I suggested that maybe if she took a break from doing homework in front of the TV, for a change, her grades might go up again, and that maybe if she spent more time studying instead of playing Minecraft most of the night, she might be able to bump those B’s back up to A’s.  Even harder sobbing ensued, accusations about my lack of ability to understand were tossed around. Declarations of her inability to do homework unless the TV is on because it drowns out other distractions such as “creepy noises” were made. I persisted in my endeavors, suggesting she do her homework in my room next to me on my bed while I just read quietly. That all but proved my insanity as she exclaimed, “I can’t do my homework in here!” Apparently, this was such an obvious fact, no explanation was required as to why she couldn’t do her homework in my room. We basically left things like that for the time being. She was not in a condition to be open to suggestions that might involve making any changes. We’ll try later this weekend. It’ll help that we have two extra days.

The Heart Wants What the Heart Wants


“He has no heart.” “She’s all heart.” “My heart just isn’t in this.” But the heart is a muscle that pumps our blood and oxygen through our bodies. That is all. When we make statements like the ones above, we are really talking about brain function.  Somewhere along the line,  probably long before humans knew about how the brain functioned, we began attributing emotions to the heart, even describing it as our seat of motivation. I guess the “gifted” side of me (pedantic?) is needing to clarify that when I am talking about a person’s heart in this post, I am speaking metaphorically. For some reason, I feel the need to point out that everything, is in fact, run by the brain.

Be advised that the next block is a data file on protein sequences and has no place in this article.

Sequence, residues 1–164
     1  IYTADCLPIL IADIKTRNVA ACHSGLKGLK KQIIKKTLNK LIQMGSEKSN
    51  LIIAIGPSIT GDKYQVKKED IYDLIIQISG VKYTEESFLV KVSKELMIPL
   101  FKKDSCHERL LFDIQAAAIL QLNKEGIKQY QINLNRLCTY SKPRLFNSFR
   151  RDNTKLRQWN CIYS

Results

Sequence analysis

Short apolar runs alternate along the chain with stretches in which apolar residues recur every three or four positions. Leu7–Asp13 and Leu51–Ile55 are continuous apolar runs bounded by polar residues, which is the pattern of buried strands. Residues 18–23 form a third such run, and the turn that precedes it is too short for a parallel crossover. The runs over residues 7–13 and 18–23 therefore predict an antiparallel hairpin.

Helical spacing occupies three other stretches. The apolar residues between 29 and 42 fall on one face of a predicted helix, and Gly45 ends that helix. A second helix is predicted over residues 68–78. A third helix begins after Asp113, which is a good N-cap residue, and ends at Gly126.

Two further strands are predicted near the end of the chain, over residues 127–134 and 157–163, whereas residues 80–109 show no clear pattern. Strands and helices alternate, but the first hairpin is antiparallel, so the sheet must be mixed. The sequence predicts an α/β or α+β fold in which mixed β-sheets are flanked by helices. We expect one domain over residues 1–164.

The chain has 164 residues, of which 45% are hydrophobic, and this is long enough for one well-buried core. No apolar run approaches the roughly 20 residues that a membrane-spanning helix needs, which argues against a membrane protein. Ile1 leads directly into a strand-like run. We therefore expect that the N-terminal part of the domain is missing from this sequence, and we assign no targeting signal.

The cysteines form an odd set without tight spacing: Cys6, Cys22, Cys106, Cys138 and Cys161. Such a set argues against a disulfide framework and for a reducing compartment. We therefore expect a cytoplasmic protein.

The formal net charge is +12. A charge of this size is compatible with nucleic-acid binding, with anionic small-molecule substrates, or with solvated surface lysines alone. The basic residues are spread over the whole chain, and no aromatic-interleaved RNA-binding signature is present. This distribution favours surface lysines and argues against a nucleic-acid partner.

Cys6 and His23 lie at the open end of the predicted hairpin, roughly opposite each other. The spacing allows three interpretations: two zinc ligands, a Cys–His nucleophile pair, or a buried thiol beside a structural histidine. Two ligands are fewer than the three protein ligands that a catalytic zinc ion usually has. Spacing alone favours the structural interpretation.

Every time I look at the blank screen on my computer, a screen that is asking me to fill it with words, and words are not immediately forthcoming, my first thought is generally something like, how my heart must not be in this anymore. I just don’t know what to write. If I’m given something to write about, at first I’m fine. “Oh sure! I can write about this! Easy peasy!” Then the blank screen is before me and I have to check Facebook, then look at a movie trailer, then read an article about a different upcoming movie, then I notice that my body hair is thicker on one side of my body than the other,  and I must research this immediately or I won’t be able to concentrate on what I am supposed to be writing. This leads me to reading articles and looking up images of a variety of hairstyles with funny names. Now an hour has elapsed and I haven’t written a word. So I begin to wonder, is my heart really in this? And then, my BRAIN shoots back with, “Yes! You’re just being lazy! Stop it!”

smaller clipart heart 4Suddenly, my medulla oblongata sends a swift kick to jumpstart my heart and away I go! I am feeling motivated!

I am realizing a reason I am having a hard time with this topic is because, like many adults, I have learned to keep my heart protected. From the viewpoint of someone who grew up with the “gifted” label I felt the need to build walls around my heart. Much was expected of me from others. I also expected a lot from myself. When I lived up to those expectations, everything was great, of course. When I didn’t, no one was more disappointed than me. The tests said I could have done great things with my life. While I am content with my life as it is, I still haven’t fulfilled any of the dreams I had when I was younger. I was going to be an actor. An award winning actor. Or at least, be able to earn a comfortable living as an actor. You know, not necessarily hounded by paparazzi, but every once in a while, someone would come up to me and say, “Hey, aren’t you that woman who played that other woman’s friend in that show?” When I became pregnant with my twins, I pretty much gave up on that idea. You have to already be a successful actor to get away with having twins and still continue acting. Come to think of it, my twins are all grown up now. I still have an 11-year old at home, but I’m not a single parent anymore like I was for the first five years of my twins’ lives. Maybe I’ll see how much acting classes cost in my area. See what happens when my heart kicks in?